Hitting the buffers

Peter Wollen

  • Early Modernism: Literature, Music and Painting in Europe 1900-1916 by Christopher Butler
    Oxford, 318 pp, £27.50, April 1994, ISBN 0 19 811746 9

In the summer of 1913, Jacques Copeau, the French stage pioneer, who had just founded his Théâtre du Vieux Colombier in Paris, wrote to Duncan Grant asking him to prepare the costumes and design for an innovative production of Twelfth Night. Grant completed the commission, using fabrics from the Omega Workshop for the costumes, and went over to Paris the following February to attend rehearsals and install his work. While there he was taken to Picasso’s studio by Gertrude Stein, a visit which led to him bringing Picasso some rolls of old wallpaper which he had found abandoned in his hotel room, so that Picasso could use them for his collages. Thus Blooms-bury played its part.

In fact, as a result of this visit, Bloomsbury moved momentarily right into the forefront of early Modernism. Both Duncan Grant and Vanessa Bell immediately began making abstract collages, or ‘arrangements’ as they called them, using fabrics and papiers collés. Picasso himself, it should be noted, did not make the same move to abstraction in his own collages, and neither did Braque or Gris. Nor did they use the vivid, saturated, contrasting colours which Grant and Bell adopted, in line with the decorative aesthetic developed in the Omega Workshop, which revelled in bright colour and abstract design. Curiously, the collage which Roger Fry, the founder and organiser of Omega, made at the same time, incorporating l/2d. and 5d. No 88 bus tickets, has much duller colours, rather closer to a Cubist palette.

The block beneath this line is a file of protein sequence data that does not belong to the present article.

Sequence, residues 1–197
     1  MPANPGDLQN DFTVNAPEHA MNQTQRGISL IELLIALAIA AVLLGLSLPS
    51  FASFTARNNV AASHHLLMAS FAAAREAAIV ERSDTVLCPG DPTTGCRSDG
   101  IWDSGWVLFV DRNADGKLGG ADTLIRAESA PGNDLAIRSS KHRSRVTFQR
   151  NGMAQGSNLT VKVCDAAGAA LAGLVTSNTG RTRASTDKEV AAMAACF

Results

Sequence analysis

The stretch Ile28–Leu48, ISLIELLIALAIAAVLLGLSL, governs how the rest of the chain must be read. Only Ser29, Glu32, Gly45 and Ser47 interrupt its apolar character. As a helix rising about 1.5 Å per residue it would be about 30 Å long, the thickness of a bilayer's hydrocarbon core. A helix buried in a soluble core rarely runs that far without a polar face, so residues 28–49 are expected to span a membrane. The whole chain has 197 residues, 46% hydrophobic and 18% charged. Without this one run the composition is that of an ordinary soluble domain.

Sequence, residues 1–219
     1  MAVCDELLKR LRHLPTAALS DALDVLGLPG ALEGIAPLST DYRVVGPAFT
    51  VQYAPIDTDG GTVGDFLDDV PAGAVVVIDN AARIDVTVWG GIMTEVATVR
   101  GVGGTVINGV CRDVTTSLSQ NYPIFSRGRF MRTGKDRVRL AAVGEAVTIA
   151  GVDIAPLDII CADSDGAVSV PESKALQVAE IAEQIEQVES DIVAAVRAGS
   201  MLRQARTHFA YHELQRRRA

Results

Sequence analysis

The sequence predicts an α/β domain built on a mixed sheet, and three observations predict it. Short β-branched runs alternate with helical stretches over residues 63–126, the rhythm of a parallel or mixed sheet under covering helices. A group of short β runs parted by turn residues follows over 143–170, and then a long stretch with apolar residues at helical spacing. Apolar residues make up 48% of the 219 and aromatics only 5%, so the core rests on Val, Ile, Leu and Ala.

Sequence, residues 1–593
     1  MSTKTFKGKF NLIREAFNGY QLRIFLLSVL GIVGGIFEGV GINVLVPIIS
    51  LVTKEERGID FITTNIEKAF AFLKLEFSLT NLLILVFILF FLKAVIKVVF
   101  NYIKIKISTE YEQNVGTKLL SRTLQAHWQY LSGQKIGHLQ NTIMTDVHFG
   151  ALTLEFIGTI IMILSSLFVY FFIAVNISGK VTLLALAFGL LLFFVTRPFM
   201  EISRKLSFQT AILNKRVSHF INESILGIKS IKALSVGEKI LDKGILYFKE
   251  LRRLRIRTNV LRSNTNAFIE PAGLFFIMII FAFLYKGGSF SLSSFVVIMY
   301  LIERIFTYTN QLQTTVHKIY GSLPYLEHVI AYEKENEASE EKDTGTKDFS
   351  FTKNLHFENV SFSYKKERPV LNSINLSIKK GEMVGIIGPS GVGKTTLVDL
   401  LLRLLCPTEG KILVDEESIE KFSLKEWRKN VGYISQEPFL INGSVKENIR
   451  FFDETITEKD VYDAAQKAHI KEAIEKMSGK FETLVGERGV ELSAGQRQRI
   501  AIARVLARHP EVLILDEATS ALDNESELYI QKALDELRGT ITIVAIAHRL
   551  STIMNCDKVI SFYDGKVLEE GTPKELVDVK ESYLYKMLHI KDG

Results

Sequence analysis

Of course, the Omega Workshop style itself derived from Parisian influences – from the Martine workshop run by the great fashion designer, Paul Poiret, as well as from Matisse and the Ballets Russes – and had a close analogue in the work produced in Paris by Sonia Terk Delaunay. Delaunay made an abstract papiers collés binding for Blaise Cendrars’s book of poems, Pâques à New York, executed in front of the poet on 1 January 1913, and they collaborated again on another extraordinary ‘simultaneist’ book, La Prose du Transsibérien, published in October that same year. When its 22 accordion-like panels were unfolded, printed text and painted design ran alongside each other – like musical chords, Apollinaire said – and stretched out to two metres in length. Only a year later, Duncan Grant also produced a scroll, Abstract Kinetic Painting with Collage, which was several yards in length, designed to be viewed as it was unwound through a light-box while Bach was being played. This extraordinary work, quite without parallel elsewhere, combined ideas of synesthesia derived from Scriabin’s concerts, during which coloured lights accompanied the music, with collage techniques taken from Picasso. It was an unprecedented achievement.

In his exciting but frustrating book on early Modernism, Christopher Butler discusses the Delaunay-Cendrars work in some detail, with-in the context of simultaneism, but does not mention either Duncan Grant or Vanessa Bell at any point (although her husband Clive, a critic rather than an artist, is respectfully discussed). Butler treats Bloomsbury as exclusively a literary group concerned with appreciating and theorising visual art rather than producing it, which is simply wrong. Moreover, he ignores the link with Picasso described above, seeing Bloomsbury’s ‘failures to appreciate non-Fauvist work’ as probably preventing them from ‘coming to terms with the early work of Wyndham Lewis’. As a result, they ‘ceased to be in the vanguard at the very point at which they had produced a potentially powerful and accommodating theory for its art.’ In the summer of 1913, however, Wyndham Lewis was still working in the Omega Workshops – in effect, an employee of Fry, which could hardly have pleased him. In October he walked out. In December he showed in the so-called ‘Cubist Room’ of an exhibition at Brighton, in whose catalogue he wrote of the artist’s mission to penetrate ‘into a transposed universe, as abstract as, though different to, die musicians’. By March the next year, as Grant returned from Paris and Picasso, Lewis had obtained the funding to open his own rival to Omega, the Rebel Art Centre, and in July he published the first issue of BLAST.

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